Christian G.E. Schiller with Frank Morgan, Contributing Editor and Patrick Evans-Hylton, Executive Editor, both Virginia Wine Lover Magazine, at the 5. Virginia Wine Lover Magazine Wine Classic, organized by the Virginia Wine Lover Magazine, in Suffolk, in the south of Virginia during the day of Monday, 21 May. The results will be released in the coming issue of the Virginia Wine Lover Magazine
The fifth Virginia Wine Lover Magazine Wine Classic, organized by the Virginia Wine Lover Magazine, took place in Suffolk, in the south of Virginia during the day of Monday, 21 May. The results will be released in the coming issue of the Virginia Wine Lover Magazine.
Judging in Suffolk, Virginia
The tasting started at 10:00 am and we finished at around 4:00 pm, including a lunch break. We were 11 judges, with most of the judges from the restaurant scene in the Norfolk/Suffolk/Virginia Beach area.
There were about 200 red and white wines. Half of us tasted and rated the red wines and the other half tasted and rated the white wines. I was in the red wine group.
The wines were judged, double-blind, using the modified Davis 20-Point system by a panel evaluating each on their relative merits within their category. The Davies system assigns a certain number of points to each of its 10 categories ranging from bouquet to color to taste to aftertaste.
Platinum, Gold, Silver and Bronze Medal Awards
There will be platinum, gold, silver and bronze medal awards. There will be multiple winners in each category.
Following the tasting, the Virginia Wine Lover Magazine tallied each judge’s evaluation and came up with an average and placed each evaluation in one of four categories:
90% or higher: Platinum
70 to 89%: Gold
50 to 69%: Silver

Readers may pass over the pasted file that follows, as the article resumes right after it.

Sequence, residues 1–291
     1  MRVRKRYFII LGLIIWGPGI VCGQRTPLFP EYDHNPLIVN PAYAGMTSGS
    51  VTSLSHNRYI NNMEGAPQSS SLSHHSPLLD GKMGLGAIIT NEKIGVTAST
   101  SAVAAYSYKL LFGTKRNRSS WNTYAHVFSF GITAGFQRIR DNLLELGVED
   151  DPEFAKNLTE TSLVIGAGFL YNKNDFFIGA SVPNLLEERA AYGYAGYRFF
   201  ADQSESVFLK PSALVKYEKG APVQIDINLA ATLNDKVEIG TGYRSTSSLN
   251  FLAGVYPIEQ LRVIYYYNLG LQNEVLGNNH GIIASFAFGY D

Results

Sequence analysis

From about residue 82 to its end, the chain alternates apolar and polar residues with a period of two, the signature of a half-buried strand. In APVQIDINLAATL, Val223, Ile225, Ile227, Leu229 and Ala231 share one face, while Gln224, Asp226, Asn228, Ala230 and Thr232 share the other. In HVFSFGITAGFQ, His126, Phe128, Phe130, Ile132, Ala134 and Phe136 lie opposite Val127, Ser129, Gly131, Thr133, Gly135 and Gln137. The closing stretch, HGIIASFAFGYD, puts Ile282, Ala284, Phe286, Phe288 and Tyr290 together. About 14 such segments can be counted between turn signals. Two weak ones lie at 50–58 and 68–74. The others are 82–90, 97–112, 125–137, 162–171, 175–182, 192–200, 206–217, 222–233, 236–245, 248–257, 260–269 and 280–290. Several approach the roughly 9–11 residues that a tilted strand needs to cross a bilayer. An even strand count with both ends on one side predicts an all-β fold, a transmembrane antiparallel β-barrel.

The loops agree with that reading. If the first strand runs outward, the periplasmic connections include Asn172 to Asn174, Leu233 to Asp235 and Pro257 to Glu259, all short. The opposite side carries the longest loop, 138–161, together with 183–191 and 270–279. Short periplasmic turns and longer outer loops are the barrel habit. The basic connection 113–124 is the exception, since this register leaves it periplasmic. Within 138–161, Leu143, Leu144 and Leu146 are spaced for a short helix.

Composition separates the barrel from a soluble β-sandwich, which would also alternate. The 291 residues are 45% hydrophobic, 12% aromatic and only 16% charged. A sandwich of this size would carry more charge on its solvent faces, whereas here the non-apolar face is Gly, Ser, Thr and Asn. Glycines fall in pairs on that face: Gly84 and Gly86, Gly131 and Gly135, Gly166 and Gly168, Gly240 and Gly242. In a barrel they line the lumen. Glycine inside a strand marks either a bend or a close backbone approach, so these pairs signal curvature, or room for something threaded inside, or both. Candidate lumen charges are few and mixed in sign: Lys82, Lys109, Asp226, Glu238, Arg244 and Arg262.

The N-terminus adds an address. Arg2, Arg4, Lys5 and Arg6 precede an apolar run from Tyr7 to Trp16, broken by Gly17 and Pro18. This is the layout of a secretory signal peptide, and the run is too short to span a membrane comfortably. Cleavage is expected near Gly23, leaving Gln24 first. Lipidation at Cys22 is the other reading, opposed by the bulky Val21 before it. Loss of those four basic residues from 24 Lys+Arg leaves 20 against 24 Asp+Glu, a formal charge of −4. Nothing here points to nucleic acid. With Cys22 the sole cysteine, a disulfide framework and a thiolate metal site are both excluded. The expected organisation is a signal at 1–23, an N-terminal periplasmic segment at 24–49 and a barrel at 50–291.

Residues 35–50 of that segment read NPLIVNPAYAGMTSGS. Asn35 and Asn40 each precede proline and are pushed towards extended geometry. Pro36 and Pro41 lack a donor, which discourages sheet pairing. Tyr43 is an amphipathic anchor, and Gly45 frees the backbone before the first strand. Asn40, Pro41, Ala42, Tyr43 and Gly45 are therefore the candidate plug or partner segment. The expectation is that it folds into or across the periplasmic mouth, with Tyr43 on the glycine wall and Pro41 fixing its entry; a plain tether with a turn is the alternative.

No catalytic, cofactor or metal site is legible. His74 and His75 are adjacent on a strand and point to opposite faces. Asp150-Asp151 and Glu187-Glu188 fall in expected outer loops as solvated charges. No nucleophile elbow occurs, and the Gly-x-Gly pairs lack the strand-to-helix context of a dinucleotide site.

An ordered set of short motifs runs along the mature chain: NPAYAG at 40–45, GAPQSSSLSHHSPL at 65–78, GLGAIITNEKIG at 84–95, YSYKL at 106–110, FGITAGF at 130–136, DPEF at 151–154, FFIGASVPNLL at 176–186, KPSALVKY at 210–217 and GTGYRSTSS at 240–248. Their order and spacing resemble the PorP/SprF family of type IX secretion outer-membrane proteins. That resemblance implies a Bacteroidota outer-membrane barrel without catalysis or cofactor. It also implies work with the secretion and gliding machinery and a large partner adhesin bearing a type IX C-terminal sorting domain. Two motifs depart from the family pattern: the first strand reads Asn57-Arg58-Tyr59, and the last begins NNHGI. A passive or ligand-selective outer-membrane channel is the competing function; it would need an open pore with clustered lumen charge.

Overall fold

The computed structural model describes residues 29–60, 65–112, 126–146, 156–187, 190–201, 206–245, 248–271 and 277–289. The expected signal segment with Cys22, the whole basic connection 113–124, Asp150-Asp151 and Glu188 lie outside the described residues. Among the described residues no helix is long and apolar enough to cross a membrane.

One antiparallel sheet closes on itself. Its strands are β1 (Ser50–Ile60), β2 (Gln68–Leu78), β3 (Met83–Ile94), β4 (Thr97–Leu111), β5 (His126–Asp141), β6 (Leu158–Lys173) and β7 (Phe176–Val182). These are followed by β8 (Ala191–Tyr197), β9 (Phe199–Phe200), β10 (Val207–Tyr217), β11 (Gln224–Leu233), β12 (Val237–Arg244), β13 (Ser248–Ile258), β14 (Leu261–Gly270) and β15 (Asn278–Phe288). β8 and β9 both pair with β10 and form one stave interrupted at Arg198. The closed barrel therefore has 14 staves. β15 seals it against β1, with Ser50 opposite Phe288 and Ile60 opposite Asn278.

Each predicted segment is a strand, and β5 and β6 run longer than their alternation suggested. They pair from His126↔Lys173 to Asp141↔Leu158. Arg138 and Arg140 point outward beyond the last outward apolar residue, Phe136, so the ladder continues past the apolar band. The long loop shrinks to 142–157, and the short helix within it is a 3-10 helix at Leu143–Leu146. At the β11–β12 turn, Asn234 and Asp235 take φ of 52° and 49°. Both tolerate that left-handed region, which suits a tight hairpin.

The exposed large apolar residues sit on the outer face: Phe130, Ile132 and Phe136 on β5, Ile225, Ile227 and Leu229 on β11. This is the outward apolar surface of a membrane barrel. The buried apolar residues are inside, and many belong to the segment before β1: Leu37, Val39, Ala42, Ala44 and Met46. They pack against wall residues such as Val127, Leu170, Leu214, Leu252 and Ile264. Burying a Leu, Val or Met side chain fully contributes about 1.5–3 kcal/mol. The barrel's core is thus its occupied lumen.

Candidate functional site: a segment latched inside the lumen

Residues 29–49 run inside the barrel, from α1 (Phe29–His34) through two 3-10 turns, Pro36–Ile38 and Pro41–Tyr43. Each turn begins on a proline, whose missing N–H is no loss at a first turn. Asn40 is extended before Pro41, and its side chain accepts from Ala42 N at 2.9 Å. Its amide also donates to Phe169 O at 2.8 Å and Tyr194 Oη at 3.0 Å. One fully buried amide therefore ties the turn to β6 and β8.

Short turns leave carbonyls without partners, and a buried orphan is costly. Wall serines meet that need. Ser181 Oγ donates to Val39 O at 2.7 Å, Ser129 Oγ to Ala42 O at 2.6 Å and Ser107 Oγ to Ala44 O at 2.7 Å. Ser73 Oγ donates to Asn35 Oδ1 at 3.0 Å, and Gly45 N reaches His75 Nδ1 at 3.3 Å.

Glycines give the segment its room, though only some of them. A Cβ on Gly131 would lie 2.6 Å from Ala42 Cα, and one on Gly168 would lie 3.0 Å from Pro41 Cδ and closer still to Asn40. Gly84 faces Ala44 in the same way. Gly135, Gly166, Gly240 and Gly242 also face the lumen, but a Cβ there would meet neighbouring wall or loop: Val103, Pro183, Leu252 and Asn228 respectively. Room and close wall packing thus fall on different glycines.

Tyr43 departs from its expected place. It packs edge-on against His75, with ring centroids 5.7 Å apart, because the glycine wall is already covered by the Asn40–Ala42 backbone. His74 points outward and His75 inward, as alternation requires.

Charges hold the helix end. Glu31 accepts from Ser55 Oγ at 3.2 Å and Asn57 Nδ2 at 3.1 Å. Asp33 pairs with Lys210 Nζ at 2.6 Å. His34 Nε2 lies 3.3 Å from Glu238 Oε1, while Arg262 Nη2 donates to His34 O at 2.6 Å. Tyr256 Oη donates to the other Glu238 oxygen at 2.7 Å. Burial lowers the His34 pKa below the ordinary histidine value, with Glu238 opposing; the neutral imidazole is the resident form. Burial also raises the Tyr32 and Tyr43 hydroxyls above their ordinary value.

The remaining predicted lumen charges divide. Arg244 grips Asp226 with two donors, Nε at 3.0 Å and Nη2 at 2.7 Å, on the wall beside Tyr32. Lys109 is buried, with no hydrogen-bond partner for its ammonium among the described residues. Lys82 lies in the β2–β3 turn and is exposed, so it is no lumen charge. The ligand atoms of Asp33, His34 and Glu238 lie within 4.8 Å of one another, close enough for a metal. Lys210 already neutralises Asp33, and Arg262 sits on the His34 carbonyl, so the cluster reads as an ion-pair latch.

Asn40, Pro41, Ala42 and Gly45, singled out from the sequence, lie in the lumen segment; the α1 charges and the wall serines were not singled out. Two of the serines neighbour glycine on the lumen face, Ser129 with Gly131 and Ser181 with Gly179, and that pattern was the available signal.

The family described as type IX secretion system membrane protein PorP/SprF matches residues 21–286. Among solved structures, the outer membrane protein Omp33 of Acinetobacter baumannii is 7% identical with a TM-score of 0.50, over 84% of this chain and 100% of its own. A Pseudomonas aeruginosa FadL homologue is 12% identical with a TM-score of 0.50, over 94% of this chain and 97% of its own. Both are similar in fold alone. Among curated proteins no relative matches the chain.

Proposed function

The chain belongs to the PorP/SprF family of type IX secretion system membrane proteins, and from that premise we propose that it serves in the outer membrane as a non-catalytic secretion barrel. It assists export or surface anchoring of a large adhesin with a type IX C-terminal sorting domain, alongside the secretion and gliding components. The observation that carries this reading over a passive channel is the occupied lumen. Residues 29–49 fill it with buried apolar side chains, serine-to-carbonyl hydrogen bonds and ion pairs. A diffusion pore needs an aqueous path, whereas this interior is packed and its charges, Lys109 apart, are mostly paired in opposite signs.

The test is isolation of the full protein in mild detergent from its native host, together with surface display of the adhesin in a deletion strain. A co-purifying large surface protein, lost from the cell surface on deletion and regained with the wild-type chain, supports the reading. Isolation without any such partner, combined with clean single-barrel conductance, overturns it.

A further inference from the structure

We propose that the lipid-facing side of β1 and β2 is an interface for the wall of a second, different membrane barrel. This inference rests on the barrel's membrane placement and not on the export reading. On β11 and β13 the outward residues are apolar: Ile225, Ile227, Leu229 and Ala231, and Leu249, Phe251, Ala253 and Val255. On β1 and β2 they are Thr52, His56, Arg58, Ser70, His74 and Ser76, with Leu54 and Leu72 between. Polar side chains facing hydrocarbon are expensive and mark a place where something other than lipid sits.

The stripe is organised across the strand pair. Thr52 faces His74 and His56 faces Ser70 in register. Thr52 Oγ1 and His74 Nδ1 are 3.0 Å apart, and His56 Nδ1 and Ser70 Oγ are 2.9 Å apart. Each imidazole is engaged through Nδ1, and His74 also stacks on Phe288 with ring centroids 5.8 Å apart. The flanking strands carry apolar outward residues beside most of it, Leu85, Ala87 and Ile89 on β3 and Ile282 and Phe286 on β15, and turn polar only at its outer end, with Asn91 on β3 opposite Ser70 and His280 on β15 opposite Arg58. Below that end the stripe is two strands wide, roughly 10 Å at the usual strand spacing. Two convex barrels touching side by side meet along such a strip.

49% or lower: Bronze
Thus, each wine submitted will get a medal. The results will be released in the coming issue of the Virginia Wine Lover Magazine.
Wine Producer Virginia
Virginia is the 5th largest wine industry in the US, with nearly 200 wineries and 2,500 acres of vineyards.
In the original charter of the thirteen colonies was a royal commission to pursue three luxury items that England was unable to provide for itself: wine, silk, and olive oil. Every colony made attempts to satisfy the requirements of its charter. Despite many years of failure, the early Americans persisted in their efforts. A big step forward was made in 1740 when a natural cross pollination occurred between a native American grape and a European vitis vinifera. Other successful crossings followed.
In 1762, John Carter, who had 1,800 vines growing at Cleve Plantation, sent 12 bottles to the Royal Society of Encouragement of the Arts, Manufacture and Commerce in London for their evaluation. Minutes of their meeting on the 20th of October 1762 declared Carter’s wines to be “excellent” and a decision was taken to reward Carter’s efforts with a gold medal for his wines. These were the first internationally recognized fine wines produced in America.
Over the past 30 years or so, Virginia wines have experienced a tremendous development - to elegant and balanced, mostly European vinifera-based wines. Recently, Donald Trump as well as AOL founder Steve Case bought a Virginia winery.
Today, the vitis vinifera grapes Chardonnay and Viognier are the leading white varieties.Increasingly they are made without any or with neutral oak, to retain natural acidity and freshness. It appears Viognier is on its way to becoming Virginia’s official “signature grape”.
For French-American hybrid varieties, Seyval Blanc is still popular, but resembles now the fresh and crisp wines from France’s South West. Vidal has become the backbone of the artificially frozen (cryoextraction), ice wine which I am not a great fan of. Cryoextraction is an approach, developed by the French, which kind of simulates the frost in the vineyard in the wine cellar.
As far as red wines are concerned, there has been a shift from straight varietal wines to blends, with the blends now being dominated by Merlot and Cabernet Franc. Mirroring the Virginia white wines, there is an increasing focus on neutral oak and clean, vibrant fruit.
Tannat, Uruguay’ signature grape from the South West of France, is showing up in more Virginia wines, usually as a blend. The only red French American hybrid which has performed consistently well in Virginia is Chambourcin, which resembles the Gamay grape of Beaujolais.
Finally, Claude Thibault, a native from France, has taken Virginia sparkling wines to a new level. His NV Thibault-Janisson Brut, made from 100 percent Chardonnay, which President Obama offered his guests at his first state dinner, is as close as you can get to Champagne outside of France. See more: As Close as You Can Get to (French) Champagne at the US East Coast – Claude Thibaut and His Virginia Thibaut Janisson Sparklers at screwtop Wine Bar
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